Brexit, Athens, and a lesson from history

Parallel lives: Pericles and Boris Johnson both faced geopolitical showdowns and pandemics.

Can an ancient Greek general shine a light on Britain’s future? Coronavirus has suddenly made Boris Johnson’s career look uncannily similar to that of his hero, the Athenian leader Pericles.

Boris Johnson has always been a fan of Pericles, the leading politician and general of the Athenian golden age.

Above all, he has celebrated Pericles as a believer in “the importance of the many not the few”.

The Athenian leader pushed hard to enable a wider range of people, especially the less wealthy, to participate in public affairs.

This is something Johnson likes to mention in connection with Brexit. Democracy, he says, is about people “being in charge of their own destiny”.

But the similarities between Johnson and Pericles are starting to go further than Johnson might find comfortable.

Pericles was hugely overconfident about the success of Athens in a war with Sparta, believing that his side was better prepared and more powerful.

This confidence proved to be misplaced: the conflict between the two states, known as the Peloponnesian War, went on for 27 years.

Johnson, meanwhile, has been optimistic about the speed with which Britain can finalise its departure from the EU. Many are much more sceptical.

And now, as it did for Pericles, an unexpected epidemic has changed everything for Johnson.

Who knows how coronavirus may affect Johnson’s Brexit hopes – but can Pericles’s story help shed light on what comes next for Britain?

Then and now

Of course not. Ancient Athens and modern Britain are utterly different. For a start, Brexit negotiations are nothing like a war. Nor could Pericles and Johnson be more different as individuals.

On the other hand, we can learn so much about what might happen in the present day by looking at history. Pericles’s story cautions against arrogance, a reminder that unexpected events can undermine plans. In the end, Pericles was killed by the epidemic that devastated Athens. On Friday, Boris Johnson tested positive for Covid-19.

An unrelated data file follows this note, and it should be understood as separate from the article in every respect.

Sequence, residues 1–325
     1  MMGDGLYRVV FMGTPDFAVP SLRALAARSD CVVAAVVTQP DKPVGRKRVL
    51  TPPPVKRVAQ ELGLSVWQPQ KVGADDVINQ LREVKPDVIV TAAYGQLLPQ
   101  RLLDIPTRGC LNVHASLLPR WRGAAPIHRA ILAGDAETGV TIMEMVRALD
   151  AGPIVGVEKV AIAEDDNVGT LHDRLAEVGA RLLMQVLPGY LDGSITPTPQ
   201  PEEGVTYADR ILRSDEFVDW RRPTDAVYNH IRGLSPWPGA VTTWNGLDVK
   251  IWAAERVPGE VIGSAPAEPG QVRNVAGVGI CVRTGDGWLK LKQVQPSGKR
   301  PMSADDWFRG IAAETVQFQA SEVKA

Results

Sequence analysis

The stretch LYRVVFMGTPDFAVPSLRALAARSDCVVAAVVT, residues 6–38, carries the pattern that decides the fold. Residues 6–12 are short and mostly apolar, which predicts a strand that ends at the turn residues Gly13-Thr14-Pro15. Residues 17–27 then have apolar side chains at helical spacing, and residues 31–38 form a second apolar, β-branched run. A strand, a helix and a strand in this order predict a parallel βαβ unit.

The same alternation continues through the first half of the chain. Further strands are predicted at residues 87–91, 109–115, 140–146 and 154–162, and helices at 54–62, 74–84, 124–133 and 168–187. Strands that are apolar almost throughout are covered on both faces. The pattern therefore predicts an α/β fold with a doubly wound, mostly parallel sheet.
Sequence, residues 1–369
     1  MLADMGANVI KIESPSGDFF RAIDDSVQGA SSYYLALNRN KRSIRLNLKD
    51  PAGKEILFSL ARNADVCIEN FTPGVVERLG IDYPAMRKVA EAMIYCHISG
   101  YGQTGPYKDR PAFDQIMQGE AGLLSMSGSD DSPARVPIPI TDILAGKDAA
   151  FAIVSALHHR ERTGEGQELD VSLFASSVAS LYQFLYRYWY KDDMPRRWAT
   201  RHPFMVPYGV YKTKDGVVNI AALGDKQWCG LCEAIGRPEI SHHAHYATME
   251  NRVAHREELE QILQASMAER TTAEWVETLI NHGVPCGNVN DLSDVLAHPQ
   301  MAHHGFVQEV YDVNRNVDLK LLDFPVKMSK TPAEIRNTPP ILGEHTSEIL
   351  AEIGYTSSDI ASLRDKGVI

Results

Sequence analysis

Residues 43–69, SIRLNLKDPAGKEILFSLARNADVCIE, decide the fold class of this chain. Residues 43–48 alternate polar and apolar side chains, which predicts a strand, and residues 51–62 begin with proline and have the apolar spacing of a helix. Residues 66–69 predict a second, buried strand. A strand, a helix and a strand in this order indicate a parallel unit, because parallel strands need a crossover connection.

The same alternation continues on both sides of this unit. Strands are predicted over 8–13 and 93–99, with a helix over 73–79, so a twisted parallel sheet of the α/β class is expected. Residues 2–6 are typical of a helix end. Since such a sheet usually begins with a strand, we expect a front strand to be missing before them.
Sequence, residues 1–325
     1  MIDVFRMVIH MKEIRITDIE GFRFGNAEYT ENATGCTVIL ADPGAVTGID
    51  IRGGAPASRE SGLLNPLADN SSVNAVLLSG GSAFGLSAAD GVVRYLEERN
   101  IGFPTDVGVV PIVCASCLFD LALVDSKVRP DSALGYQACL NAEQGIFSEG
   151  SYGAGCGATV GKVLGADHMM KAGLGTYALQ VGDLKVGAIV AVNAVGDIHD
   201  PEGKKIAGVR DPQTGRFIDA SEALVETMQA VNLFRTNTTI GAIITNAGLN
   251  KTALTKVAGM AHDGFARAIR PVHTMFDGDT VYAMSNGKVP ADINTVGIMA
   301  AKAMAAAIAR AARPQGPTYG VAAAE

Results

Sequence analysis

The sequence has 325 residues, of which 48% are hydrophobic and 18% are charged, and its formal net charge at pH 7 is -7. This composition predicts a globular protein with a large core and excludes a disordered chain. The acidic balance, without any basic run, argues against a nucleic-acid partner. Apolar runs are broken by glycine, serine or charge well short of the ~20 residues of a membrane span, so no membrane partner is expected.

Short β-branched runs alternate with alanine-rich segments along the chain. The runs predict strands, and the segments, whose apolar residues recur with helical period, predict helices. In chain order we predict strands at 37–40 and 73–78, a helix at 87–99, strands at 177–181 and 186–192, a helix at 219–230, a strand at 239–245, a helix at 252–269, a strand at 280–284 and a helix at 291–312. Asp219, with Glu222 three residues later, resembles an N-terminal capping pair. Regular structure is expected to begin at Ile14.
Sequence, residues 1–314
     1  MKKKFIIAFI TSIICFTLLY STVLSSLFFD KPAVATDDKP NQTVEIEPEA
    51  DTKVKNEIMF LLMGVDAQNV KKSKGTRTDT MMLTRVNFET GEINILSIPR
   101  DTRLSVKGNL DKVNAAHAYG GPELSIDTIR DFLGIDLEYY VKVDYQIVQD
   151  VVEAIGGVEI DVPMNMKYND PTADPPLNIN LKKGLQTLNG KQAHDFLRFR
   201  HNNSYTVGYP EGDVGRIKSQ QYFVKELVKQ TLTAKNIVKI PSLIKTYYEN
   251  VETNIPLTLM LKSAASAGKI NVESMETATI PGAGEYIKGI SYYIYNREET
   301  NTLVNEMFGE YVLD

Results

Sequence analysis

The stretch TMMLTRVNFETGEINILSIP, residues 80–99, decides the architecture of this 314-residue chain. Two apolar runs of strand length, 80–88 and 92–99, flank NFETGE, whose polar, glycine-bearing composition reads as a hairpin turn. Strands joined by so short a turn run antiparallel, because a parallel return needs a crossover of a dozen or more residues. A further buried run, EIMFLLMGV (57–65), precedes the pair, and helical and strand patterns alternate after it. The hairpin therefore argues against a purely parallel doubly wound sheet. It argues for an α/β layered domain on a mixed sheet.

You Decide

  1. If you were the leader of a country and found out you had coronavirus, would you tell everyone – or try to keep it secret?


  1. Pick the person who most inspires you – this could be a historical figure, or someone alive today. Make a list of the five things you admire most about them and say why. Show your household and find out if they think you share any of your hero’s qualities!

Some People Say...

“Rise like lions after slumber, in unvanquishable number. Shake your chains to earth like dew, which in sleep had fallen on you. Ye are many – they are few.”

Percy Bysshe Shelley (1792-1822), English poet, from his poem The Mask of Anarchy

What do you think?

Q & A

What do we know?
We know that Pericles was a great politician, public speaker, and military general. He was responsible for making Athens famous for its culture, education, political systems, and architecture. He was friends with the playwrights Aeschylus and Sophocles, and his partner Aspasia taught the philosopher Socrates. Boris Johnson is a well-known classics enthusiast, able to quote Homer in Greek. He has named Winston Churchill as his other hero.
What do we not know?
We don’t actually know what Pericles was really like. The main historian who wrote about him, Thucydides, was forty years younger. He only had first-hand experience of the end of Pericles’s career and wasn’t interested in biographical details, so left them out of his account. The other historian who wrote about Pericles was Plutarch – born 500 years later. The Pericles we know about today may be more an invention of these two historians than anything else.

Word Watch

Golden age
The period between 449 and 431 BC, when Athens became known as the cultural and intellectual centre of the ancient Greek world.
Peloponnesian War
A war fought between Athens and Sparta lasting from 431-404 BC, which brought an end to Athens’s golden age.
Shed light on
Help to explain something.

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